You have to be curious about the Bulls and their progression as a team. This is a young team with a lot of good young talent. But also a team that appears to be surrounded by a bit of turmoil. Gone are four of the players that they team hoped would really explode as OHL players last season (Andy Bathgate, Tyson Teichmann, Steven Strong, Alex Basso), however the team is still left with a lot of quality young talent...especially at forward with the likes of Austen Brassard, Michael Curtis, Brendan Gaunce, and Carter Sandlak. The question is whether these players finally take that next step or not. One thing is for sure, the Bulls believe they've got a quality starting goaltender in Malcolm Subban. I'm quite curious as to how he handles a full season as the team's unquestioned starter. Really, the Bulls could finish anywhere from home ice in the first round (if the team's young talent explodes), or out of the playoffs (if those same young players falter again).

9. Barrie Colts
There is absolutely no denying that this year's Colts' team is better than last year's. There is also no denying that being better than last year's team is pretty damn easy. But the team made some very shrewd moves this offseason which should definitely make Barrie a contender for a playoff spot. They added Ivan Telegin to give Mark Scheifele some help down the middle and added Reid McNeil and Derek Hartwick to provide veteran presence on the blueline. It also remains to be seen just how large of an impact Aaron Ekblad will have, considering his age and the position he plays. But with the aforementioned Scheifele and Telegin, along with Colin Behenna, Eric Locke, Steven Beyers, amongst others, Barrie's offense could actually be quite strong. I think, like most teams, one of the keys will be in net. Seems like Clint Windsor will probably be relied upon as the starter, with other characters looming in the shadows. If Windsor shows solid progression and can play consistently, Barrie could be a surprise team.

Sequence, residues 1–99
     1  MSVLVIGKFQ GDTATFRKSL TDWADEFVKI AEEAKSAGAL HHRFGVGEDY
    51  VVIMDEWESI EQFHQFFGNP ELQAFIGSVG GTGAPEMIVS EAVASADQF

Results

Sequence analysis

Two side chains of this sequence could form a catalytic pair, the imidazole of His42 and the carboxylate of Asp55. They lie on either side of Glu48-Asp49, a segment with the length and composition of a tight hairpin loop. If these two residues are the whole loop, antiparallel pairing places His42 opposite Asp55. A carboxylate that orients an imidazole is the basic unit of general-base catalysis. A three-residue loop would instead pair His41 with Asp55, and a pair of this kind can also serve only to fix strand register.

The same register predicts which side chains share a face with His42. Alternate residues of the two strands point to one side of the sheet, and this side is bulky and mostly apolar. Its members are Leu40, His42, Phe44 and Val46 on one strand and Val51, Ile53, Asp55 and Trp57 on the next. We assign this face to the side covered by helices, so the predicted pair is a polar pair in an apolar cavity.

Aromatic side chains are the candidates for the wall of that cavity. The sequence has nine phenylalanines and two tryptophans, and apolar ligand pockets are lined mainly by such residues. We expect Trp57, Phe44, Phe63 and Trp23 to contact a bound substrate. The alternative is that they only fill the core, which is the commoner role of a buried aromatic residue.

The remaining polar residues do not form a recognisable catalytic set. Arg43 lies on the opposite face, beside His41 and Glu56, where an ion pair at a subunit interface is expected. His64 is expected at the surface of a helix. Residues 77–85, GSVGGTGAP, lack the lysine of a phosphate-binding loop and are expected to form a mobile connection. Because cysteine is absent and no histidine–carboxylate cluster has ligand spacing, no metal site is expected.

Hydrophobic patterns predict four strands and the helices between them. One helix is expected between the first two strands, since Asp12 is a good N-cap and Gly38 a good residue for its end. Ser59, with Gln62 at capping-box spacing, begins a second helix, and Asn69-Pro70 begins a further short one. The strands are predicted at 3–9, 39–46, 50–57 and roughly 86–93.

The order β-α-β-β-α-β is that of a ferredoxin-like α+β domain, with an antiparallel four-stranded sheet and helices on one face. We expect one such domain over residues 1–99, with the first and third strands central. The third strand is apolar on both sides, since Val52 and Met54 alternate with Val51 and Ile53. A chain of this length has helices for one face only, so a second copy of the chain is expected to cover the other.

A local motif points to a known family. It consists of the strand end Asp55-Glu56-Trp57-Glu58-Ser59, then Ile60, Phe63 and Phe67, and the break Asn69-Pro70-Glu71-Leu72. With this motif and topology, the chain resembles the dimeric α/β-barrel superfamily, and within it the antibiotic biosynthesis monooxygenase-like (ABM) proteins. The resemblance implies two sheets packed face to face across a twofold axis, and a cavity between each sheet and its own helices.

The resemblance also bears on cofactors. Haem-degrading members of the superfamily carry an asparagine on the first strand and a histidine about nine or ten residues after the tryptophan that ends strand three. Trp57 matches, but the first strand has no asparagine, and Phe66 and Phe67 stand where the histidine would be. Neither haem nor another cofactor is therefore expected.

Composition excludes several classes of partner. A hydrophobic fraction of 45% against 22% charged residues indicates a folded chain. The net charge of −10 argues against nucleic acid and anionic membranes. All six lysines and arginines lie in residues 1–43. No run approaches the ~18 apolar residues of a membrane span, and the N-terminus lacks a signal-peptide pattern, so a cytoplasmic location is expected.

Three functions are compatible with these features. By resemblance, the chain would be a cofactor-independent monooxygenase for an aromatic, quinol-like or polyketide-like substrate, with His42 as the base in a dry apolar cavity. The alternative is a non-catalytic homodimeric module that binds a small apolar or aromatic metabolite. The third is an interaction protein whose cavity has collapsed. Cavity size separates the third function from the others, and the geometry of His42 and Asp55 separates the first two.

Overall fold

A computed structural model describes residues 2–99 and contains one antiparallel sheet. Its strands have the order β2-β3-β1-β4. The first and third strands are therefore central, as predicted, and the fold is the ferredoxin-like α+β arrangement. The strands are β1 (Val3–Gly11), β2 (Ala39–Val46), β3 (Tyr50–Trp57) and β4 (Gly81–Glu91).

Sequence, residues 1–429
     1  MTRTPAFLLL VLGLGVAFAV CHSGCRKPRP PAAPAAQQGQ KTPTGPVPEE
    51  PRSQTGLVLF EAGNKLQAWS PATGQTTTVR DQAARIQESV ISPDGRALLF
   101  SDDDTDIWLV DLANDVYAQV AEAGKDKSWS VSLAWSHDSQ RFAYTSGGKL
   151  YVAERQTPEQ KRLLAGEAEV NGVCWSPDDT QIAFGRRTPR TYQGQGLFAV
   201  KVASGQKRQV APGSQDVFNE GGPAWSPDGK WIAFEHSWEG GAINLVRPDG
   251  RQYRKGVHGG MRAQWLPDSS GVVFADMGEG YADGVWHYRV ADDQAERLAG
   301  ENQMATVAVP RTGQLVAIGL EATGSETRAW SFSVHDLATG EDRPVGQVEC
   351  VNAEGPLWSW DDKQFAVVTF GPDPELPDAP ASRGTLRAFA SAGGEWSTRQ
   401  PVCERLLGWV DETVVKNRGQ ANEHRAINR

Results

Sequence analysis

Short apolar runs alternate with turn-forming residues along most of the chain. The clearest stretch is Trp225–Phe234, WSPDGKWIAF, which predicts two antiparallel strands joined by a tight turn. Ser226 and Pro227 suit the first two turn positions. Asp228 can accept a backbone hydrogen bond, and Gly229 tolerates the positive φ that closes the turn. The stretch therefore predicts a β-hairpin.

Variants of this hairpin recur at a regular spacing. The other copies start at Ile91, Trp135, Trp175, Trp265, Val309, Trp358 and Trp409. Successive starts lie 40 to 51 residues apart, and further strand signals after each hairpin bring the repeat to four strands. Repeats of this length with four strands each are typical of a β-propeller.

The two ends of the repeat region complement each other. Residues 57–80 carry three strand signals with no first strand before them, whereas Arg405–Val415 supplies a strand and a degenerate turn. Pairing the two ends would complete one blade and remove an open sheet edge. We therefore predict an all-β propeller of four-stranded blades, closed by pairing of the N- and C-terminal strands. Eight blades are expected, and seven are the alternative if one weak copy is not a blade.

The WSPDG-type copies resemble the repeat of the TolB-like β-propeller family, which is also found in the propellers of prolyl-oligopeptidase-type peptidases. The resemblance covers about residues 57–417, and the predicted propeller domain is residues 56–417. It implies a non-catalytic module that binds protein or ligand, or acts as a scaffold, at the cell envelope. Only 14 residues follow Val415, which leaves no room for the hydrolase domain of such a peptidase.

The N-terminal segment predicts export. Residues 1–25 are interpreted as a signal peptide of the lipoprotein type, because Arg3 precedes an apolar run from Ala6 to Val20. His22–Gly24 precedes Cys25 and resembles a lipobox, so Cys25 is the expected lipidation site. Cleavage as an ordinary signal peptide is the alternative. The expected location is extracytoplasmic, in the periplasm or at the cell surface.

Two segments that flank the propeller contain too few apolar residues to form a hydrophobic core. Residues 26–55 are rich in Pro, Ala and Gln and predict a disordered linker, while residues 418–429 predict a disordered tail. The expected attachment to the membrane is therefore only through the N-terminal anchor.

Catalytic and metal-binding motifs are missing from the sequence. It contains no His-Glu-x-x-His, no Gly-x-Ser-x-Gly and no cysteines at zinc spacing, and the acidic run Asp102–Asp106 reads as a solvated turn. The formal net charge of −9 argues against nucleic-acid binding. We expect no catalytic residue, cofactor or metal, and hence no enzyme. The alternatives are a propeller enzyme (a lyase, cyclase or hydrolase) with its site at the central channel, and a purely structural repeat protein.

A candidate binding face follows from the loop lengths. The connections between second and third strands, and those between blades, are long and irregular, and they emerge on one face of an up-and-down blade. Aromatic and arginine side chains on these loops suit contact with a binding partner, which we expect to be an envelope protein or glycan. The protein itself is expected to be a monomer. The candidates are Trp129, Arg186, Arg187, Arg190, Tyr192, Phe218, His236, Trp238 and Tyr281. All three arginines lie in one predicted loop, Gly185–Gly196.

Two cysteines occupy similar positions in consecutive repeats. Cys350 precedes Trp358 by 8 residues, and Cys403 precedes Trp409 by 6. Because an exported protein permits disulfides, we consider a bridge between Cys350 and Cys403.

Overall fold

10. Kingston Frontenacs
I'm sad to say it, but I think it's going to be a very ugly season in Kingston this year. I just don't see any way that this team can be a playoff team. On defense, the team has a total of two players who have over 10 games experience in the OHL (Alex Gudbranson and Jeff Braithwaite). Offensively, the Fronts have only one forward who's scored more than 15 goals in a season (Ryan Spooner). And in net, the team is relying on Igor Bobkov, who despite all the hype, was quite bad for London last year. For my money, Kingston has to be front runner for the Jack Ferguson Award winner of 2012.

Stay tuned for Part 2 in the coming days.